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Neonatal seizures: early-onset seizure syndromes and their consequences for development.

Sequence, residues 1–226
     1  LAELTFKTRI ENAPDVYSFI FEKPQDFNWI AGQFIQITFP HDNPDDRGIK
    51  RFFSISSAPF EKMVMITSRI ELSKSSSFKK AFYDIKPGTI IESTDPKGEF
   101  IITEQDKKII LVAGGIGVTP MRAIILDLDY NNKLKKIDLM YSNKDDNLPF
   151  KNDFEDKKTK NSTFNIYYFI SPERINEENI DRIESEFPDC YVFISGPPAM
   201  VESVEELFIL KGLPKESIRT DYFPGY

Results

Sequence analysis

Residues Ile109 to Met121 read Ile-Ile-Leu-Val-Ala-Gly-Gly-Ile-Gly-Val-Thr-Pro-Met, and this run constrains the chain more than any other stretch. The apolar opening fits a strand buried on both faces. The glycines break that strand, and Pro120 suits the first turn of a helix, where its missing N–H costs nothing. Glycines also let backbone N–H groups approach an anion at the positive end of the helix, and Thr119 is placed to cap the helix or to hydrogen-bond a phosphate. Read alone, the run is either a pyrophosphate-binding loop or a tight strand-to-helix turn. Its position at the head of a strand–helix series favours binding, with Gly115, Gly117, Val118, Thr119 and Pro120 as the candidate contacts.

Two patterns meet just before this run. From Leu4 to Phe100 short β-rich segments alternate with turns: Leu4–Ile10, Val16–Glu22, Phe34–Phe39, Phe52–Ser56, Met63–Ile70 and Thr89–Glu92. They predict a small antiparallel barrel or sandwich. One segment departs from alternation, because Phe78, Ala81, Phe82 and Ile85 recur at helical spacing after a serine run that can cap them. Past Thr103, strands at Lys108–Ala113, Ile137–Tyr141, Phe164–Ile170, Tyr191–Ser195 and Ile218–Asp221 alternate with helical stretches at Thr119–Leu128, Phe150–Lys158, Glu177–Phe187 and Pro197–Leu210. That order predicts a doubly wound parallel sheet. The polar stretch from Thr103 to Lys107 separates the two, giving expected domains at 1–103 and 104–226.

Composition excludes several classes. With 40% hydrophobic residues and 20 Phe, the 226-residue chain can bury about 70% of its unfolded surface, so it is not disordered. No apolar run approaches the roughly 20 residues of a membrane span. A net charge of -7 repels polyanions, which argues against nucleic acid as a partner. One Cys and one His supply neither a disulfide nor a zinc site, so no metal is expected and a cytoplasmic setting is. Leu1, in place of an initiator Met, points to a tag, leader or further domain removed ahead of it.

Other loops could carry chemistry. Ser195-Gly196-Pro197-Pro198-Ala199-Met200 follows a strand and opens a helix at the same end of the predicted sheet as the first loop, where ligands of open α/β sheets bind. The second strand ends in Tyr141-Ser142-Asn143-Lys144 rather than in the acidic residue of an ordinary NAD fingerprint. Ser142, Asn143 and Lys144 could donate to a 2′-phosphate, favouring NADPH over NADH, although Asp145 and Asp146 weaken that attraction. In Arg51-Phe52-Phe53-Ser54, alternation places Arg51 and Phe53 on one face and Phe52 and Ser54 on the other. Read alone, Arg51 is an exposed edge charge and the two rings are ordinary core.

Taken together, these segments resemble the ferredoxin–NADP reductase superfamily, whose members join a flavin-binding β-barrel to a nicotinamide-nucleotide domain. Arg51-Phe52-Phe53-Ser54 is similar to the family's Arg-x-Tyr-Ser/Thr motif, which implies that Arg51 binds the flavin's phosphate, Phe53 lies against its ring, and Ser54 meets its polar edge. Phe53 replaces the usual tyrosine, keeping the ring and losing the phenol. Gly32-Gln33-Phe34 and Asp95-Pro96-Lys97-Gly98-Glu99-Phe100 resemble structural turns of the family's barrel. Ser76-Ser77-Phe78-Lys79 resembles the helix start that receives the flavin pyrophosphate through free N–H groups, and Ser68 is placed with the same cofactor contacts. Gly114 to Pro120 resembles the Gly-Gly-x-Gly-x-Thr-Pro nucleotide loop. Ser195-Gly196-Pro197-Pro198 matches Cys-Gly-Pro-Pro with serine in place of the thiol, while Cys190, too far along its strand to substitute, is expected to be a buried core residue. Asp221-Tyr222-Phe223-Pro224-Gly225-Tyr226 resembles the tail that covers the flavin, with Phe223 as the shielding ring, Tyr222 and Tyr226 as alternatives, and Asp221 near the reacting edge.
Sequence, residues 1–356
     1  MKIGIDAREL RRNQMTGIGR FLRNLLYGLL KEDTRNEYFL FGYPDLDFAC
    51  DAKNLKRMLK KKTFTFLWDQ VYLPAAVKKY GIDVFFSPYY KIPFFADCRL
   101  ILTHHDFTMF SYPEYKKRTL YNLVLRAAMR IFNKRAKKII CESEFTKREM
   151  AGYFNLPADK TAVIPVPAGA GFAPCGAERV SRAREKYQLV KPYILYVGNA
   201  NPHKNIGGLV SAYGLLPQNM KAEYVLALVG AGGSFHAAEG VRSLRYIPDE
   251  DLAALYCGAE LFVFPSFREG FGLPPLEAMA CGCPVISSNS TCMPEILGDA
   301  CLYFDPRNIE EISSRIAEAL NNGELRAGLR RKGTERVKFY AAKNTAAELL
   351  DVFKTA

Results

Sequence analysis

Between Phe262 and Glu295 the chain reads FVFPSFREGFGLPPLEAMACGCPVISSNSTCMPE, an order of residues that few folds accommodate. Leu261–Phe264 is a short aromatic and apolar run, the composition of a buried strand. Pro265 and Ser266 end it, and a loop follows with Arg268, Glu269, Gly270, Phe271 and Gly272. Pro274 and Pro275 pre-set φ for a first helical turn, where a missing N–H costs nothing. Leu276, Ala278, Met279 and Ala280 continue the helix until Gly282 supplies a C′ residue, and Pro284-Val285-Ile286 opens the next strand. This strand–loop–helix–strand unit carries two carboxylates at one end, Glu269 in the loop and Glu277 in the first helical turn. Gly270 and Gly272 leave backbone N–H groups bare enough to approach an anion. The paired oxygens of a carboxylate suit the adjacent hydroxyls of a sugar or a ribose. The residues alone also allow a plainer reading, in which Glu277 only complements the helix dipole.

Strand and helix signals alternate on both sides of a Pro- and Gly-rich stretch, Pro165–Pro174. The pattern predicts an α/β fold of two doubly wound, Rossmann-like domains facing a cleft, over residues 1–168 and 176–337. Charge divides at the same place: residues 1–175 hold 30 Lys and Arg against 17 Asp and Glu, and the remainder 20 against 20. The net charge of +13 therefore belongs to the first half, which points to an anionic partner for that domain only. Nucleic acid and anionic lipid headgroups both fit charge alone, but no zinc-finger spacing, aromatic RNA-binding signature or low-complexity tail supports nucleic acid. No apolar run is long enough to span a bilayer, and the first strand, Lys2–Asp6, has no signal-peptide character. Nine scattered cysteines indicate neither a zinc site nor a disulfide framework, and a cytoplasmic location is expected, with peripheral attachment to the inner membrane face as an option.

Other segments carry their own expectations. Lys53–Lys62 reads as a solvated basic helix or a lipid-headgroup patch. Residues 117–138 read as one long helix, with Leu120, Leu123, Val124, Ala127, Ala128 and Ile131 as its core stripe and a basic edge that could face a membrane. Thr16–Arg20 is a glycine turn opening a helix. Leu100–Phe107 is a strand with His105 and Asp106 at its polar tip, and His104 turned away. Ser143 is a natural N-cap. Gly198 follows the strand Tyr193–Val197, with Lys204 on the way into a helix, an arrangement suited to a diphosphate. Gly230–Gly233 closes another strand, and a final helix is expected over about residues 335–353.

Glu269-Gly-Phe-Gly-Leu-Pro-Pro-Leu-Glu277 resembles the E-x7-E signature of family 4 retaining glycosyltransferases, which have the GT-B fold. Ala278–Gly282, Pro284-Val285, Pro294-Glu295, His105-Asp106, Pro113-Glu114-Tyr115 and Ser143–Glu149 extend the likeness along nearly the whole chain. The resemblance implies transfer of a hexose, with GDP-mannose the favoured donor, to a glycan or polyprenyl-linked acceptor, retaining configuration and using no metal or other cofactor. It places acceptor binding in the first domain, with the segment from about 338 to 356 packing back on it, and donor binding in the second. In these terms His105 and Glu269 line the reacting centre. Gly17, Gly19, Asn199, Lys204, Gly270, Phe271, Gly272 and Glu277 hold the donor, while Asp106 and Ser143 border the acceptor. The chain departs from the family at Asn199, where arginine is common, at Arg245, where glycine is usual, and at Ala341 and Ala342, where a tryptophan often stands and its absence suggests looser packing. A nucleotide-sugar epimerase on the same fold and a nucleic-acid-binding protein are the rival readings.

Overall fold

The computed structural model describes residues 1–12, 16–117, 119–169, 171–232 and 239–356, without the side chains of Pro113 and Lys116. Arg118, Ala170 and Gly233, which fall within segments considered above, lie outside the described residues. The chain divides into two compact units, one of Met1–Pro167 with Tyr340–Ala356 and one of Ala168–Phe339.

The determination of the developmental consequences of seizure syndromes in the neonate is based upon a number of factors which include: understanding of the clinical and electroencephalographic (EEG) features of neonatal seizures; current theories of the mechanisms by which neonatal seizures are generated; a current classification of neonatal seizures; potential etiologic and risk factors for seizures; and therapies. In addition, different seizure types, mechanisms of generation and etiologies of cerebral dysfunction may vary with conceptional age of the infant. There are a few distinct neonatal epileptic syndromes, which are rare, have been well described: benign neonatal convulsions; benign neonatal familial convulsions; early myoclonic encephalopathy and early infantile epileptic encephalopathy. The prognosis for the first two is relatively good while the outcome for the other two with encephalopathy is catastrophic. However, the majority of neonatal seizures occur as acute, reactive events in association with a wide range of etiologic factors. These etiologic factors, as well as those of the more traditionally defined syndromes, are the main determinants of eventual developmental outcome of neonates who experience seizures. Although experimental data suggests that some epileptic seizures eventually may have physiological, histological, metabolic, or behavioral consequences, there is yet direct evidence in humans to suggest that the occurrence of seizures themselves in the neonate is the main determinant of long-term outcome.

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